The police arrived shortly after this discovery.
Police Constable Henry Lamb and another officer were notified of the murder while they patrolled in Commercial Road. They ran to Berner Street and upon arriving at the scene the two police officers urged the crowd to keep away and asked someone to fetch a doctor. When Dr. Blackwell arrived it was apparent there was no hope for the victim.
The police did what they could to not let anyone leave the area until they could be questioned and the place searched. When asked by a juror if anyone could have left the crime scene after the discovery of the body and before the police arrived, Diemschutz answered “oh yes.” One has to see it was possible that Stride’s killer was watching in the shadows while Diemschutz examined the body, then left for help.
Twenty minutes after the police were summoned Dr. Frederick William Blackwell arrived on scene. According to Blackwell, it was 1:16 a.m. Dr. Blackwell described the scene: “the deceased was lying on her left side obliquely across the passage, her face looking towards the right wall. Her legs were drawn up, her feet close against the wall of the right side of the passage. Her head was resting beyond the carriage-wheel rut, the neck lying over the rut. Her feet were three yards from the gateway. Her dress was unfastened at the neck. The neck and chest were quite warm, as were also the legs, and the face was slightly warm.”
Since the body was still warm it is obvious Diemschutz arrived on the scene within seconds of the murder taking place. Regarding how long Stride had been dead, Dr. Blackwell stated, “from twenty minutes to half an hour” from when he arrived. He also added Stride’s clothes were not yet wet from the rain. This puts Strides murder between 12:46 a.m. and 12:56 a.m.
Dr. Blackwell also said Stride’s left arm was extended from the elbow, the hand clutching a packet of cachous. Cachous are breath sweeteners used by prostitutes and smokers. The packet of cachous was found between the thumb and forefinger and were almost hidden. It should also be pointed out that some of the cachous had been spilled into a nearby gutter. This is an indication Stride was pushed or thrown to the ground.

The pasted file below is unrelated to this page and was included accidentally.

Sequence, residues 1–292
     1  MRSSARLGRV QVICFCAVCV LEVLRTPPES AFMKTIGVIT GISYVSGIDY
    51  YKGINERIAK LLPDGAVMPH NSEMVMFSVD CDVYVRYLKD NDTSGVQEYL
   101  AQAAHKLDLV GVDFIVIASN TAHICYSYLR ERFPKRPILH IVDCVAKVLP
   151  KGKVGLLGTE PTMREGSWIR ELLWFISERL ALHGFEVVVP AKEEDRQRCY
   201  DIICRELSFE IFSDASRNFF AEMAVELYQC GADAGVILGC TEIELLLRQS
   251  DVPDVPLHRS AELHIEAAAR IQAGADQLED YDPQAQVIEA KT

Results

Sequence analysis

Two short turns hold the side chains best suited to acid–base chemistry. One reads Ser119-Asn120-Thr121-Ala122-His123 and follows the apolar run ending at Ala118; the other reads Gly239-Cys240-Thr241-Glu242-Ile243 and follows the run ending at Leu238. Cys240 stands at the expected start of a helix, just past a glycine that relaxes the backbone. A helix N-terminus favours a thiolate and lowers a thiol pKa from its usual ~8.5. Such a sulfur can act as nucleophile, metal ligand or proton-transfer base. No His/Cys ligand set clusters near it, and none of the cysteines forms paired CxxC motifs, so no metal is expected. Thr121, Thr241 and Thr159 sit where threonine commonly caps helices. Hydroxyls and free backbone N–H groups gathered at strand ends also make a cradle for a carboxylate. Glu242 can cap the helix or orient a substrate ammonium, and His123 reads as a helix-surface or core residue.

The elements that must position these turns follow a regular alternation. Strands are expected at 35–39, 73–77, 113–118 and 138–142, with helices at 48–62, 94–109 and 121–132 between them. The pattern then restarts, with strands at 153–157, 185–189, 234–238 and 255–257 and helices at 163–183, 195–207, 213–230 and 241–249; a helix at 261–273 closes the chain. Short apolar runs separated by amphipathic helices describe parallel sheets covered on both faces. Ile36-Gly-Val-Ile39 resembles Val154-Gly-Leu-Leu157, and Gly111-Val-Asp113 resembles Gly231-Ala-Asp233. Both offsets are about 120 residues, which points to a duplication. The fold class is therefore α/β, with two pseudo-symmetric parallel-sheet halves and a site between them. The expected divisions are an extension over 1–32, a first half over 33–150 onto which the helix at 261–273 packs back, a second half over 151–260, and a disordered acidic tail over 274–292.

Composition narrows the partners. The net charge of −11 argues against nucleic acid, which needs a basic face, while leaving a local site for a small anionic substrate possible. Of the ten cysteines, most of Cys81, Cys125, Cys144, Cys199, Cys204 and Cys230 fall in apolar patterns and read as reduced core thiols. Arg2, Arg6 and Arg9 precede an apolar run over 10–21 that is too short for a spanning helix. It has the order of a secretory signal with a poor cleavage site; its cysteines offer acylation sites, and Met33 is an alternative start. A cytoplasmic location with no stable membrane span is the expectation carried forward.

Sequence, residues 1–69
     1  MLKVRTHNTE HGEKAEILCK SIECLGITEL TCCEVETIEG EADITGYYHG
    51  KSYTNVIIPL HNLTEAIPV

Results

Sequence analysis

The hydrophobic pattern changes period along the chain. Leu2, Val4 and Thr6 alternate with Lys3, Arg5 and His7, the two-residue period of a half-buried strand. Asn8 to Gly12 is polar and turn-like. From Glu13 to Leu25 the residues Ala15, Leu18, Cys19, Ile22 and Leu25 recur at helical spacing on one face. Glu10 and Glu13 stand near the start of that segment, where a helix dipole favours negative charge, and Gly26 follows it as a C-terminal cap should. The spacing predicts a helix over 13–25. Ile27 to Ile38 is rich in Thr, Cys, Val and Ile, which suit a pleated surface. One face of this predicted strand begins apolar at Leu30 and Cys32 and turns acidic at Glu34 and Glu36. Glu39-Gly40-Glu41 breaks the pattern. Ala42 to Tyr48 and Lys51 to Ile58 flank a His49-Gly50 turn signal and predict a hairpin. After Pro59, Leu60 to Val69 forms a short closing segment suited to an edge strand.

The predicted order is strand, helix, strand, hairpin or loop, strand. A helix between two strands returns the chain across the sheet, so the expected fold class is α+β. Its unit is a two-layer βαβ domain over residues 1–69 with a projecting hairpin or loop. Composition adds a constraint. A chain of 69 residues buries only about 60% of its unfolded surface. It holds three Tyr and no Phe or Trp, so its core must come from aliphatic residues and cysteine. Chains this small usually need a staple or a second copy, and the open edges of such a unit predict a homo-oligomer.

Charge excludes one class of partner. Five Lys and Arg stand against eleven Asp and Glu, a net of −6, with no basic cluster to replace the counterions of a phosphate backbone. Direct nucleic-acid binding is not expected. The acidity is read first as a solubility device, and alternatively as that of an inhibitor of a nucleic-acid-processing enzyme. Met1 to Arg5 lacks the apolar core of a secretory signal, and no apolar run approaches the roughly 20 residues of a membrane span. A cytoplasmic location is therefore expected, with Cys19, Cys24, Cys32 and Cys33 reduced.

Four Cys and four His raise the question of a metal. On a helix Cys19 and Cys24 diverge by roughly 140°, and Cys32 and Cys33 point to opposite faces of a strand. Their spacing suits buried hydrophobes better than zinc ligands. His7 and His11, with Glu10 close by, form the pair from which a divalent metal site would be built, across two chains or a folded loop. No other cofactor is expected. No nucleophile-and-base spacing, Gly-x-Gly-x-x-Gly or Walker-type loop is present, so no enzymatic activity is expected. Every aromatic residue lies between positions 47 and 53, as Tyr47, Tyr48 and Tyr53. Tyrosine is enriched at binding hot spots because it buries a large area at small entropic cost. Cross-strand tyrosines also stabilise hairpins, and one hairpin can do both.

Elizabeth Stride was wearing a scarf on the night she was murdered. The scarf had been pulled tight and turned to the left on her neck. The lower edge of the scarf was frayed, as could be expected if cut by a sharp knife. Her throat was deeply cut and below the angle of the right jaw there was what appeared to be an abrasion on the skin. The windpipe was also severed.
There were also bruises on the victim’s shoulders and chest and this too indicated Stride had been grabbed and forced to the ground. Her throat was most likely cut while on the ground since there was no evidence of any blood splash on the right wall. Dr. Blackwell mentioned Stride had a few small spots of blood on the back of her hand so the chances are probable Stride was on the ground.
Around 4:30 a.m. the body was transported to St George’s Mortuary in Cable Street. Evidence started to emerge shortly after and police started taking statements.
William Marshall, who was a laborer, had seen a woman whom he later identified as Stride. He claimed he saw her with a stout and decently dressed middle-aged man. The man was 5 feet, 6inches tall and was wearing a black cutaway coat.
Marshall claims the man had nothing in his hands and was not wearing any gloves. He wore a cap that made him look like a sailor. The man was observed by Marshall kissing Long Liz and was heard saying “you would say anything but your prayers.”